Deborah S. Sarnoff, MD
President, The Skin Cancer Foundation
By taking steps to protect skin from the sun’s rays and identify any suspicious lesions early, everyone can stay on top of skin cancer prevention and detection.
Heading into winter, it may be tempting to slack off on sun protection. But even as temperatures cool down, keeping skin safe from harmful ultraviolet (UV) radiation should remain a priority. Most UV rays can penetrate cloud cover, so they can reach the earth on stormy or overcast days year-round. The majority of skin cancers are associated with exposure to UV radiation from the sun, and any time you spend outside unprotected will also increase your chance of developing the disease.
Skin cancer is the most common cancer in the world, and not by a small margin — more cases of skin cancer are diagnosed in the United States every year than every other cancer combined. It’s a daunting statistic, but there is reason to be optimistic. Skin cancer is highly preventable as well as being a cancer you can see. This means you can take a proactive approach to lower your skin cancer risk and catch any potential skin cancers early enough to have them successfully treated.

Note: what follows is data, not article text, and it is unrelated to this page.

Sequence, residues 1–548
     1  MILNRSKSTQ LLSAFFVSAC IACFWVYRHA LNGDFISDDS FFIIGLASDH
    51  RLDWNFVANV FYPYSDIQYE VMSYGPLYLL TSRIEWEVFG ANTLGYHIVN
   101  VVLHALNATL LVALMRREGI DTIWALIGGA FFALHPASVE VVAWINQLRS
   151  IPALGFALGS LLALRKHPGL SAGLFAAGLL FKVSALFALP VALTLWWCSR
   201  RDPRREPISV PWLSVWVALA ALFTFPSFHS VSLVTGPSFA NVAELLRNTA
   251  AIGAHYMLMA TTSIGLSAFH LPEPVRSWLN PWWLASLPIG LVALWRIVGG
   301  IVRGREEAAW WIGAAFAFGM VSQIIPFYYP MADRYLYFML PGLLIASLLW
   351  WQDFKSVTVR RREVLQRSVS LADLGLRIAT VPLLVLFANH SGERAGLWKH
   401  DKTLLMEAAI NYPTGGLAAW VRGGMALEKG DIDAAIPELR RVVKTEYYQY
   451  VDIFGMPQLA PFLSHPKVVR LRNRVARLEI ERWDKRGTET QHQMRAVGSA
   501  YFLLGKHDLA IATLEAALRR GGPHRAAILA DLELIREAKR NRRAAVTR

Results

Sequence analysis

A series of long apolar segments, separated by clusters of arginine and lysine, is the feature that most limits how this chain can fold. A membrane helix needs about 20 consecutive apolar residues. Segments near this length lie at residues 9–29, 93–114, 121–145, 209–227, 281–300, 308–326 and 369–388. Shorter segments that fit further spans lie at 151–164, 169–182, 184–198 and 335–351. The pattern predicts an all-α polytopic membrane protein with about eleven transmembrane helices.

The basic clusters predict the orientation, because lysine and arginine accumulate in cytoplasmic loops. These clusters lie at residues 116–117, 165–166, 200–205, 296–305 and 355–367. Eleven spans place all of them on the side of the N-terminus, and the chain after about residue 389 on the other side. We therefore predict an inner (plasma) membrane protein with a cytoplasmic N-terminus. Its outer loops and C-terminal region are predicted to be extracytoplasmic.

The three most common types of skin cancer are basal cell carcinoma (BCC), squamous cell carcinoma (SCC), and melanoma. All three occur when unrepaired DNA damage in skin cells triggers mutations, or genetic defects, that cause the cells to multiply rapidly and form malignant tumors. This damage is often caused by UV radiation from the sun or tanning beds.
Prevention is key when it comes to reducing your risk of developing skin cancer. The Skin Cancer Foundation has always recommended a complete sun protection strategy that includes seeking shade, covering up with clothing, hats, and sunglasses, and wearing sunscreen every day. Of course, avoiding indoor tanning beds is imperative.
Most skin cancers can be successfully treated if caught early. Melanoma is more likely to metastasize, or spread, to other areas of the body and become more advanced. Still, the estimated five-year survival rate for patients whose melanoma is detected early is about 99 percent. The survival rate falls to 65 percent when the disease reaches the lymph nodes and 25 percent when the disease metastasizes to distant organs. While a far smaller percentage of SCCs metastasize, the numbers are higher, and as many as 15,000 people die each year from the disease.
The Skin Cancer Foundation recommends everyone see a dermatologist annually for a professional skin exam. Certain high-risk individuals may need to see their dermatologist more often. In addition, you should be checking your skin from head to toe carefully once a month. Skin cancers can vary incredibly in appearance, from red pimple-like growths to dark moles, scaly patches to small nodules, itchy bumps to bleeding sores. The bottom line is that if you see anything new, changing, or unusual on your skin, get it checked out by a dermatologist as soon as possible.
By taking sun protection seriously and checking in with your skin on a regular basis, everyone can enjoy any time outside without putting themselves at risk of developing skin cancer.